Feb 2, 2016

From Muscle Beach to the Cimarron Strip: TV Westerns

By the time I started watching TV in the 1960s, the Western was stale, outdated, staggeringly unhip; my friends and I could stomach only those few that involved a flashy new gimmick, like Wild Wild West or Alias Smith and Jones.  But for the Boomers growing up in the 1950s, they were as iconic as Pinky Lee and Father Knows Best.  

The Western heroes were usually the discovery of gay talent agent Henry Willson, so they were gay, bi, or at least gay-friendly.  They usually wore full leather, buckskin, or other less-than-revealing garb, but they were not averse to revealing stunning physiques for the movie magazines, and even for the AMC’s proto-gay Physique Pictorial.  Guy Madison (who went so far as to pose nude) in The Adventures of Wild Bill Hickock (1951-56)

Rugged movie star Hugh O’Brian in The Life and Legend of Wyatt Earp (1955-61);

Clint Walker of Cheyenne (1955-63).

William Smith of Laredo

Richard Boone of Have Gun, Will Travel (1957-63)
Robert Horton of Wagon Train (1957-65)
Rory Calhoun of The Texan (1958-60)
George Montgomery of Cimarron City (1958-60)
Scott Brady as Shotgun Slade (1959-61)

The Western hero traditionally displayed little heterosexual interest: dames were characteristic of an emasculating civilization, along with government, education, opera, and church.  Instead, they had a  “sidekick,” a life partner of the same sex, usually someone of inferior rank due to race, age, or socioeconomic class, who provided an emotional or spiritual energy.  The sidekick is an essentially American phenomenon, and its homoerotic import has been noted for at least thirty years, since Love and Death in the American Novel.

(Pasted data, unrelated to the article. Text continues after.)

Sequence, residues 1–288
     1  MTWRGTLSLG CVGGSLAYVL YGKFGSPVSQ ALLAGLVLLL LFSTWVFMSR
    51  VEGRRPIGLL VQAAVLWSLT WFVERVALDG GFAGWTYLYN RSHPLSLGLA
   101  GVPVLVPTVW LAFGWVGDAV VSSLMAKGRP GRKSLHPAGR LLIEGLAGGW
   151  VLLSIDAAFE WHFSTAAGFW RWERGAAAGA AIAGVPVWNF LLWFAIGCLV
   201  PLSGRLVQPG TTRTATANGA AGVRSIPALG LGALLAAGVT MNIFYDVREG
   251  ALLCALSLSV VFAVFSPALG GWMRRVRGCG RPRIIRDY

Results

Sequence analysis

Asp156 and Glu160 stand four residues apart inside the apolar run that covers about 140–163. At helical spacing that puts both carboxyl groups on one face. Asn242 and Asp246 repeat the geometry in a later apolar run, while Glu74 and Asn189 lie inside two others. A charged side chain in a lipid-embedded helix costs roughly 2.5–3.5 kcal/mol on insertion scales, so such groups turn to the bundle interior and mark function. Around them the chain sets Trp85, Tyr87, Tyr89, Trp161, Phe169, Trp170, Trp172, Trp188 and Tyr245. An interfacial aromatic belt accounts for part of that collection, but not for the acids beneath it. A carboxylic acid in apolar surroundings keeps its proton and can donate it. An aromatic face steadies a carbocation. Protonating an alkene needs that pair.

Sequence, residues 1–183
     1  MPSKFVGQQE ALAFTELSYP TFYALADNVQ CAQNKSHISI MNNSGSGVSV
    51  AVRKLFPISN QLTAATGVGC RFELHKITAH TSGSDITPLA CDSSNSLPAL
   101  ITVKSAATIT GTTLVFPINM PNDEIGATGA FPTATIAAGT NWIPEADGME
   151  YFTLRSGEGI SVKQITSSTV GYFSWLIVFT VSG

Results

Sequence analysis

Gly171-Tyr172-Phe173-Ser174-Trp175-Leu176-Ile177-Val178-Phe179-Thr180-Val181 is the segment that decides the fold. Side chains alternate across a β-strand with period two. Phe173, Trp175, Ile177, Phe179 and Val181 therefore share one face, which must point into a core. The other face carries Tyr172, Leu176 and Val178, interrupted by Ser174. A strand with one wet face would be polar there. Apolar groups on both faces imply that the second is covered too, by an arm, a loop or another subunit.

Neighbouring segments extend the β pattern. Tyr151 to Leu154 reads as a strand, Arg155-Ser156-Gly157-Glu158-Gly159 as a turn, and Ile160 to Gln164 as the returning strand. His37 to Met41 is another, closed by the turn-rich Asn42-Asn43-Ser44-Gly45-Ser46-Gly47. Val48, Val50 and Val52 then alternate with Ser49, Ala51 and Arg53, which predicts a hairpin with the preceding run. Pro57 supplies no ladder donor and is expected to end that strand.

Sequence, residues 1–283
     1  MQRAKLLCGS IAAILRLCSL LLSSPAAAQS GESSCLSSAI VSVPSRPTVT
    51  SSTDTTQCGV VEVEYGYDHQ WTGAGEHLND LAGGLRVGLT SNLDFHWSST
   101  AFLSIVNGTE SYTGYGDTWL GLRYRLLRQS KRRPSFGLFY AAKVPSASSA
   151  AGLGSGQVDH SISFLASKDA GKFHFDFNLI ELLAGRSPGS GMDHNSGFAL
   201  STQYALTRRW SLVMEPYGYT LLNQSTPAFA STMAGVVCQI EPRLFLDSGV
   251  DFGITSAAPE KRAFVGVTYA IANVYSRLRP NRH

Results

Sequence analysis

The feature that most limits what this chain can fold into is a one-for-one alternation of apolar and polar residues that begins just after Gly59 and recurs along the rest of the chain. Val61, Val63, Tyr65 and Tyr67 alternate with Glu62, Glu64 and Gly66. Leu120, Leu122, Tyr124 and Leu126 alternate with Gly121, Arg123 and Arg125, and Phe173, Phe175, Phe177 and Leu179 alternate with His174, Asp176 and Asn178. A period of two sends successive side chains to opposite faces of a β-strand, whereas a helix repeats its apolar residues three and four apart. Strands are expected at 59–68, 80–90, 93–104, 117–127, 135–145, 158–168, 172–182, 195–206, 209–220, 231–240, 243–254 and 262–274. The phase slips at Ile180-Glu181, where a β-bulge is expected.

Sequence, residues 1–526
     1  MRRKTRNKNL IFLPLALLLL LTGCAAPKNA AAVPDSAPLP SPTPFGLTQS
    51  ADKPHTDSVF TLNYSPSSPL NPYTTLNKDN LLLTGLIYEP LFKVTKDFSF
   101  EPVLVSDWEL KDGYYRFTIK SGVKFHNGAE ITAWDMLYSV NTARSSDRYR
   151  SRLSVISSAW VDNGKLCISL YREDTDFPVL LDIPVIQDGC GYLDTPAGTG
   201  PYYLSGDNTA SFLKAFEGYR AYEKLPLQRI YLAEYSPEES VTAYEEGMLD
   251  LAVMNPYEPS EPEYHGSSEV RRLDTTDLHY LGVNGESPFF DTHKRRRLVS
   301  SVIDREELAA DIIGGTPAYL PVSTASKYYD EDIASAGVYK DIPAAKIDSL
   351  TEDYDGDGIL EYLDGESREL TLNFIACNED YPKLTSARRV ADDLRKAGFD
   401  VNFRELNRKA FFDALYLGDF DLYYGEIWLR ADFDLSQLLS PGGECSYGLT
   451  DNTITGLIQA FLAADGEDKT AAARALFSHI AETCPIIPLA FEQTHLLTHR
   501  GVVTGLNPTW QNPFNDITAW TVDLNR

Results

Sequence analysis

Most of the sidekicks of the 1950s were elderly, corpulent, or buffoons, perhaps because clowns minimze the homoerotic impact of their devotion.  The fat, hee-hawking Andy Devine, later on Andy's Gang played “Jingles,” Guy Madison’s sidekick in The Adventures of Wild Bill Hickock.  

Or they were father and son, as in The Rifleman.

 But we can locate several same-sex partners whose homoerotic bond was not miminized:

Indian agent Tom Jeffords (future Days of Our Lives hunk John Lumpton), who fell in love with...um, I mean befriended...handsome, muscular Chief Cochise (Michael Ansara) in Broken Arrow (1956-57).

 John Bromfield as The Sheriff of Cochise (1956-60) with Stan Jones his faithful deputy.

John Smith and Robert Fuller of Laramie.

Yancy Derringer (1958-59), an ex-Confederate soldier turned gambler played by Jock Mahoney, and X Brands as his Native American companion.